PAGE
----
Mechanisms underlying how body fatness affects postmenopausal breast cancer risk

We aim to measure sex hormones, indicators of resistance to insulin and indicators of inflammation in stored blood samples to see whether these markers predict women’s risk of breast cancer

  • Topic: Breast cancer
  • Institution: Cancer Council Victoria
  • Country: Australia
  • Status: Ongoing
Researcher: Dallas English

Grant title

Mechanisms underlying the effect of body fatness on risk of postmenopausal breast cancer: a nested case-control with causal mediation analysis

Scientific abstract

(View plain language abstract)


There is convincing evidence that adult body fatness (“adiposity”) increases the risk of postmenopausal breast cancer. The mechanisms by which adiposity causes postmenopausal breast cancer are uncertain, but may be due to metabolic dysfunction and inflammation related to increased mass and activity of adipose tissue.

Adipose tissue of obese individuals secretes higher levels of pro-inflammatory cytokines and free fatty acids, and less anti-inflammatory cytokines, compared with lean women. It also disturbs the production of sex steroid hormones and cellular sensitivity to insulin. These factors can affect cell proliferation, apoptosis and angiogenesis, which are hallmarks of cancer.

Observational epidemiological studies can assess mechanistic pathways by measuring relevant biomarkers and performing modern causal mediation analyses. Effects for each pathway can be estimated simultaneously. To explain (mediate) the effect of adiposity on breast cancer risk, markers of the pathway must be associated with breast cancer and with adiposity.

Hypothesis and objectives

Our first aim is to measure associations between markers of the adipose tissue-related pathways and risk of postmenopausal breast cancer. For the pathways that show associations, our second aim is to assess the proportion of the effect of adiposity on risk of postmenopausal breast cancer that is mediated by the pathways, singly and together.

Our objectives for this aim are to estimate the absolute risk of breast cancer associated with markers in each of the pathways, thereby also establishing the relative importance of each of the mechanistic pathways.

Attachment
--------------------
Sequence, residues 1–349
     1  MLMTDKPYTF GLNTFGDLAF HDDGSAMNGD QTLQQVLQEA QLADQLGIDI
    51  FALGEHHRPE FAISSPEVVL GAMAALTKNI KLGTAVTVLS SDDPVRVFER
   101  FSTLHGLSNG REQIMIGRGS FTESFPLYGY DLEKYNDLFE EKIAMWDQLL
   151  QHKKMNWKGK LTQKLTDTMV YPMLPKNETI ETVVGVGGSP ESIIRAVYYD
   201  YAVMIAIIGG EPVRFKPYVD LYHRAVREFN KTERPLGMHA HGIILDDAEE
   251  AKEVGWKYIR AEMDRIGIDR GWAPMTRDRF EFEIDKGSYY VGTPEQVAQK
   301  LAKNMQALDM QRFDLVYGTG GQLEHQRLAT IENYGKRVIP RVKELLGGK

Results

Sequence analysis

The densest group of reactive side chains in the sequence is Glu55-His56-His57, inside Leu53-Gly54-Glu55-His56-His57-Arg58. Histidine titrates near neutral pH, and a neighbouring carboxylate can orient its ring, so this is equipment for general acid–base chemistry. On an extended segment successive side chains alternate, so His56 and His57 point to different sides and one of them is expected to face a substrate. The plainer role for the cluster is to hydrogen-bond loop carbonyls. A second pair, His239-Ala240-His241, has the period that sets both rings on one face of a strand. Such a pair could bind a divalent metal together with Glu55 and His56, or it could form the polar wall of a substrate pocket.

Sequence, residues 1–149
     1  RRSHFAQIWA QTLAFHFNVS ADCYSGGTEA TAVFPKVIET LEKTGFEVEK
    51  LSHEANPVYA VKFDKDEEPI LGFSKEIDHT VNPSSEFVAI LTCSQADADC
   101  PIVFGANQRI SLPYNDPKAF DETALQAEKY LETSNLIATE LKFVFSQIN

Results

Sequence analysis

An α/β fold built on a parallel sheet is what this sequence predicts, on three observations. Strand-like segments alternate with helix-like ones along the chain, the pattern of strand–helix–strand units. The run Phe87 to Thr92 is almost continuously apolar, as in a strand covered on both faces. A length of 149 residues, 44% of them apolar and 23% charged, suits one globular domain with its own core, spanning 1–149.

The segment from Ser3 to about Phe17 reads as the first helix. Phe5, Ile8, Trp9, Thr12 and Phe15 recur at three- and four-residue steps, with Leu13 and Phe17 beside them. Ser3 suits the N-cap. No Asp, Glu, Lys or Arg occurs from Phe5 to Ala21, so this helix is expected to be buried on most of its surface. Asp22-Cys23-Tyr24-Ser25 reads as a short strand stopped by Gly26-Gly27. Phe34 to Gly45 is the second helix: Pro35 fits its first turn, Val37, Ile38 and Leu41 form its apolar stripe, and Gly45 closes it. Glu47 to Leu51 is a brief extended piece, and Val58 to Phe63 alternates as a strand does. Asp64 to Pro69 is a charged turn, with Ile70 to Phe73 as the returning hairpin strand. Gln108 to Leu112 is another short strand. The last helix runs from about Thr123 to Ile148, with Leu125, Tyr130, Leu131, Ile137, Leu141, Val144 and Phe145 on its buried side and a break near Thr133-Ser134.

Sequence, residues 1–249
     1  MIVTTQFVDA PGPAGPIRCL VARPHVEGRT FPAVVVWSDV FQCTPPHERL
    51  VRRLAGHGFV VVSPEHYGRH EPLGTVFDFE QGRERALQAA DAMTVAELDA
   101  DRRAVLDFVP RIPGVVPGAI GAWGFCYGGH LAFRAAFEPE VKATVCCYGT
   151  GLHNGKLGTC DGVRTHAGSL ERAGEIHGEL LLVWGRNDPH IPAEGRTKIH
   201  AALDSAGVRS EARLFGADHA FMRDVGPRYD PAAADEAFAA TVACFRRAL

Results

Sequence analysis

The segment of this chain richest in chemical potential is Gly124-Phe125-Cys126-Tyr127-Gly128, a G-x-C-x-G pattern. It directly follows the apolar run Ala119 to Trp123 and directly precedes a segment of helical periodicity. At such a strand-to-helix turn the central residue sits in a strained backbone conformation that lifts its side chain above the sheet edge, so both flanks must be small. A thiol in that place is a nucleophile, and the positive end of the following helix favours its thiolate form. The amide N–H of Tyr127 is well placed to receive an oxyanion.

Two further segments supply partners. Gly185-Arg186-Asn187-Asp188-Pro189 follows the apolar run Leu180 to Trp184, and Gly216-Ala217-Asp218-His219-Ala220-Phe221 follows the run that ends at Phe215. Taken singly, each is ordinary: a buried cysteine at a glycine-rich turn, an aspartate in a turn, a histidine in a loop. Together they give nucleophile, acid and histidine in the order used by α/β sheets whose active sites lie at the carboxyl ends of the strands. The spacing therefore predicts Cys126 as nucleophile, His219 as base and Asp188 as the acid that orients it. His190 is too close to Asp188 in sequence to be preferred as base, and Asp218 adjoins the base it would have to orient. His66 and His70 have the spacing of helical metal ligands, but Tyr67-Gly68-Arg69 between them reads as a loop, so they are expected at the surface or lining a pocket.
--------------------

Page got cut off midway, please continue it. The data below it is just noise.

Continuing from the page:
Settings and methods

This research is set within the Melbourne Collaborative Cohort Study (MCCS), a cohort including 24,469 women recruited from 1990–94. A second wave of data collection (Wave2) took place from 2003–07. At both waves, height, weight and waist and hip circumferences were measured and a blood sample was collected. Participants were interviewed about diet, physical activity and other lifestyle factors and for women, reproductive history.

The proposed biomarker study is a nested case-control study of postmenopausal MCCS female participants who attended Wave2. Women will be eligible if at Wave2 they were postmenopausal, not using hormone therapy, not taking antihyperglycaemic medication, and had no history of cancer. Cases will be women with incident adenocarcinoma of the breast diagnosed after Wave2; we anticipate 515 cases. Using plasma samples collected at Wave2, we will measure biomarkers of each of the three pathways.

The associations between the biomarkers and breast cancer risk will be assessed using logistic regression. The indirect and direct effects will be estimated using causal mediation methods for multiple mediators, which permit estimation of indirect effects for each of the pathways simultaneously. These methods also permit identifying indirect effects for interrelated pathways.